Friday, March 16

Common tern

   ›      ›   Common tern - Sterna hirundo

The common tern (Sterna hirundo) belongs to the family of gulls and terns, the Laridae.

The common tern species is distributed in Europe, Asia, North America, South America, Africa, Arabian Peninsula, India, southeast Asia and Australia. These tern species are strongly migratory birds. These terns are polytypic species.
Overview & Quick Facts Description & Identification
Pictures of Common Tern Distribution & Range
Ecosystem & Habitat Diet & Feeding Behavior
Breeding Habits Migration & Movement Patterns
Conservation & Survival IUCN Status
Taxonomy & Classification Bird World

Appearance, physical description and identification

The common tern (Sterna hirundo) is a medium-sized tern, measuring 30 to 40 cm in length and weighing 100 to 150 grams. The wingspan is 70 to 80 cm.

The breeding common terns have pale gray upperparts and whitish underparts. The forehead and crown are black. The rump and tail are white. In non-breeding adults the forehead is white. The juveniles have brown crown and nape.

The bill is long and pointed. The base of the bill is reddish and the distal end is blackish. The irises are blackish. The legs and feet are orange-red. The call of these tern species is a loud repeated "keeur..keeur" or "kyar..kyar"sound.
Indian birds - Photo of Common tern - Sterna hirundo
1.Birds of India - Image of Common tern - Sterna hirundo by U.S. Fish and Wildlife Service Northeast Region


Birds of India - Photo of Common tern - Sterna hirundo
2.Indian birds - Picture of Common tern - Sterna hirundo by Tiia Monto

Indian birds - Photo of Common tern - Sterna hirundo
3.Birds of India - Photo of Common tern - Sterna hirundo by U.S. Fish and Wildlife Service Northeast Region

Origin, geographical range and distribution

The common tern nominate subspecies S. h. hirundo is distributed in North America, South America, Atlantic islands, Europe, west Asia, north and west Africa, Middle East and the regions around Black and Caspian Seas. They winter south of Tropic of Cancer.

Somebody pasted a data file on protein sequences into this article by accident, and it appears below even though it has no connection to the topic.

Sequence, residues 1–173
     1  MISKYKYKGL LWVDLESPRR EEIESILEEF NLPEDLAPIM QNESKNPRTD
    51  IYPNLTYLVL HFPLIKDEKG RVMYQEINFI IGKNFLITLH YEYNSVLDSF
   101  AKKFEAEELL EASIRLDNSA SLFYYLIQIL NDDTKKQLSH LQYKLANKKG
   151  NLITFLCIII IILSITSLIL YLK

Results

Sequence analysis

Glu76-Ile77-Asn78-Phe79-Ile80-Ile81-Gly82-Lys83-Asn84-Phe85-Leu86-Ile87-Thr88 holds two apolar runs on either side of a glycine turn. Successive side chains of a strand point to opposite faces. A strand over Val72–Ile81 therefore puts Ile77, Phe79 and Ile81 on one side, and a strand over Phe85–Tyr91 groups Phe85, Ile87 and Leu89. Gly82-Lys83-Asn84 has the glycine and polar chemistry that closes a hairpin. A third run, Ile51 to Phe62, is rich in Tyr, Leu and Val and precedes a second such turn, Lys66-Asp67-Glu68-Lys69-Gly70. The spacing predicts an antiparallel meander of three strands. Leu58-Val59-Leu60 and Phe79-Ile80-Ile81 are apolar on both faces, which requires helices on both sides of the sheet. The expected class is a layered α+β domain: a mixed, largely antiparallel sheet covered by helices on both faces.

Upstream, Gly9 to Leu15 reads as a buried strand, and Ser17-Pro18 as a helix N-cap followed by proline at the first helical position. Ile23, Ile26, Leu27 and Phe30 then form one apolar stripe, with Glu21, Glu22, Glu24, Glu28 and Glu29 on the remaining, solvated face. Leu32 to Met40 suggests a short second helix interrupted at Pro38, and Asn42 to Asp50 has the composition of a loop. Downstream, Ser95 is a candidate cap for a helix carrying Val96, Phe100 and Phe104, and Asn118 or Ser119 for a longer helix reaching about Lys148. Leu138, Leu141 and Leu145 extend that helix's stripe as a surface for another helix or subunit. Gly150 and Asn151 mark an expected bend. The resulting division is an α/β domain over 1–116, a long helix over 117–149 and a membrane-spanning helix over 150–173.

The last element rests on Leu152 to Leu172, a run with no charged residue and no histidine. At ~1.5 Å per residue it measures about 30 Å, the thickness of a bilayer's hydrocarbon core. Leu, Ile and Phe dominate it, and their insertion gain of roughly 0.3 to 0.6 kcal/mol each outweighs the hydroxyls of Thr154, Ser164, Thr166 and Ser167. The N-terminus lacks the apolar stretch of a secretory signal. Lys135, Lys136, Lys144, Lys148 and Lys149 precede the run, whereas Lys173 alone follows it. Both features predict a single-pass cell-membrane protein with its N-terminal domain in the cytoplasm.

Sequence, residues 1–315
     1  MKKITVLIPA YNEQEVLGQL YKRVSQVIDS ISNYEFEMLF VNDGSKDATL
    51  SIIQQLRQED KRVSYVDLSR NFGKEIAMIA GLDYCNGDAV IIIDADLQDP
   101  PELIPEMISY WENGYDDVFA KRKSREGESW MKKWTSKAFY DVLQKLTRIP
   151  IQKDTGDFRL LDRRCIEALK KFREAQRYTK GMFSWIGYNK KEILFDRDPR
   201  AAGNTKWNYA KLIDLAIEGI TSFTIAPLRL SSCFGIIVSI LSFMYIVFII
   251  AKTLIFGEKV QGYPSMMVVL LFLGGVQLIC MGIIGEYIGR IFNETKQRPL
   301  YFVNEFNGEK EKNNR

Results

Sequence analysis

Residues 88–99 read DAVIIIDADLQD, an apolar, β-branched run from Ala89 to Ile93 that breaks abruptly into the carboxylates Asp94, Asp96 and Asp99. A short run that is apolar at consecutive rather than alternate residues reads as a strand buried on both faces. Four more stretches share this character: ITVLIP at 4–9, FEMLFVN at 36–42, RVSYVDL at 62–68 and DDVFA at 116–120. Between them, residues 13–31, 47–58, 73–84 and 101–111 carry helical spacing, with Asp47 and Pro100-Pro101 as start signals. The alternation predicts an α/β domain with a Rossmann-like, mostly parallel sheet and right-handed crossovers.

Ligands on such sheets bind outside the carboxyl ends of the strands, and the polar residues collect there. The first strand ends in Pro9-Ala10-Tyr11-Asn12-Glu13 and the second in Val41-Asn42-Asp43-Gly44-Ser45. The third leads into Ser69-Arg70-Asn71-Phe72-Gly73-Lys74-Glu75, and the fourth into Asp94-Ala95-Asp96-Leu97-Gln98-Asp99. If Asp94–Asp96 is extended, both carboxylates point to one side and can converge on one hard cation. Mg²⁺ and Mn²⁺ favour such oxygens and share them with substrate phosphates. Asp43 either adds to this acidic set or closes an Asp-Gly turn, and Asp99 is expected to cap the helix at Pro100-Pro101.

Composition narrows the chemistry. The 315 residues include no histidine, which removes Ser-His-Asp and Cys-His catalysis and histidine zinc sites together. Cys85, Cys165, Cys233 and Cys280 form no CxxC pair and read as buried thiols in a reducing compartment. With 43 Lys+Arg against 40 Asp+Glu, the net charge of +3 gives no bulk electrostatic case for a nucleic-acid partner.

The common tern subspecies S. h. minussensis is distributed in central Asia and Mongolia. They winter in northern Indian Ocean.

The subspecies S. h. tibetana is distributed at high altitudes in west Mongolia, south central China and northwest India. It winters in eastern Indian Ocean.

The common tern subspecies S. h. longipennis is distributed in Siberia, northern Mongolia and northeast China. It winters in eastern Indian Ocean, southeast Asia and Australia.

The Important Bird and Biodiversity Areas (IBA) of these common tern species in China are, Aksu River basin, Ulungur Hu and Jili Hu, Oasis, Desert and Wetland at Mosuowan, Desert and wetland from Northern Urumqi to Dabancheng and Bosten Lake.

Some of the IBA of these common terns in Russia are, Yeiski salt-lakes, Khanskoye Lake, Kamsko-Ikski area, Beglitskaya sand-spit, Lower Ob', Saltosarayskoye lake, Dvuob'ye, Ulukhkol' lake, Selenga delta, Nevskoye Lake, Man'yass lake and Kurtan Lake.

The IBA of these terns in USA are, Isles of Shoals and Great Gull Island. The IBA in Thailand is Na Muang Krabi. The IBA in South Africa are, West Coast National Park and Saldanha Bay islands, Richards Bay Game Reserve and Orange River Mouth Wetlands.

Ecosystem and habitat

These common tern species do not normally occur in forests. They normally occur in altitudes from 0 to 4000 meters.

The natural ecosystems and habitats of these common tern species include inland wetlands, freshwater lakes, rivers, streams, creeks, estuaries, mudflats, marine lakes, brackish water lakes, lagoons, open seas, beaches, sea cliffs and rocky offshore islands.

Diet and feeding behavior

The diet of this common tern consists mainly of small fish. Planktonic crustaceans, small squids, aquatic insects, small fish like sand lances, Neotropical silversides, sardines and killifish are their primary food.

These common tern species feed by plunge-diving for fish in freshwater bodies as well as in seas. They may circle or hover before diving for the prey. They may submerge for a few seconds and usually do not dive deep.

Reproduction and breeding habits